Prime Minister Benjamin Netanyahu on Tuesday formally requested that Russia pardon an Israeli woman hit with a tough prison sentence last week for drug offenses.
The pardon request for Naama Issachar, which was submitted on behalf of Netanyahu and President Reuven Rivlin, was sent to Russian leader Vladimir Putin, the Prime Minister’s Office said.
Issachar, 26, was sentenced Friday to seven-and-a-half-years in prison for alleged drug smuggling. She has been held by Russia for six months after 9.6 grams of marijuana were found in her bag during a stopover in Moscow on her way to Israel from India. Jerusalem has said the sentence is wildly disproportionate.
“We thank the prime minister for his determination as a statesman and his compassion as a person,” the Issachar family said in response to Netanyahu’s request.
They also expressed hope that the close ties between Netanyahu and Putin, who have met numerous times in recent years, could help secure Issachar’s release “in the coming days, after she was indicted for a crime she didn’t commit.”
A spokesman for the Kremlin said Monday that Putin will consider Israel’s requests to issue a pardon for Issachar once it is submitted through the proper channels.
The Issachar family is appealing her sentence. Her lawyer formally submitted a notification of appeal on Monday, and will present arguments later in the week. But Israeli officials have said they believe the appeal is a longshot, since Issachar’s jailing seems to be a political matter involving the expected extradition of a Russian hacker from Israel to the US, despite Moscow’s requests that he be extradited back to Russia.
Issachar doesn’t deny that there were some 10 grams of marijuana in her bag, but has claimed she had no intention of having it pass through Russian border control and therefore is not a smuggler. She would not have had access to the illicit substance before arriving back in Israel.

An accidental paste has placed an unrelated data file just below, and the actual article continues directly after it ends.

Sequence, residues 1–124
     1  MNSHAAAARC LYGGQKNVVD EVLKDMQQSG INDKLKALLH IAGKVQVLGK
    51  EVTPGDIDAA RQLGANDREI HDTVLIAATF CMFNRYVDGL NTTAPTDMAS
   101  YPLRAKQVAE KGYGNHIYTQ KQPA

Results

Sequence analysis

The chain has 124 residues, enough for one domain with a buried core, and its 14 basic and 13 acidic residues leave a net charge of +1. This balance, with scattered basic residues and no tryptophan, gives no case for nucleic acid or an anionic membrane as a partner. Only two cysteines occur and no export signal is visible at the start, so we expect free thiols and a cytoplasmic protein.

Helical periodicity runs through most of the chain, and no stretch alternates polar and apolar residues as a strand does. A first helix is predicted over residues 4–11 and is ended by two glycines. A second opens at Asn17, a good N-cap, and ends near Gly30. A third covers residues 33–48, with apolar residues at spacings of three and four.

Earlier Tuesday, the Israel Prisons Service said Aleksey Burkov, the Russian hacker, was placed under tighter observation at the detention facility where he is being held.
Burkov, an IT specialist who was arrested in Israel in 2015 at the request of Interpol, is wanted in the US on embezzlement charges in a massive credit card scheme that saw him allegedly steal millions of dollars from American consumers.
Israel reportedly turned down requests to release Burkov to Russia in exchange for Issachar, who also has American citizenship.
Israeli officials’ growing conviction that Issachar was being held as part of a pressure campaign to bring about the release of Burkov has given rise to the question of why Moscow would be so interested in his fate.
His extradition to the US was approved by Israel’s Supreme Court in August, but Russia, too, has made an extradition request, and Moscow officials have repeatedly pressed Israel to send him home.
Recent days have seen reports in the Hebrew media that Israeli officials believe Burkov may be tied to Russian intelligence. Channel 13 news on Sunday also reported that this was the prevailing assessment in Israel, though it did not provide a source for the claim. It said Burkov could be tied to Russia’s efforts to influence the American election process.
But Burkov, in an interview with Channel 13, denied any such involvement.
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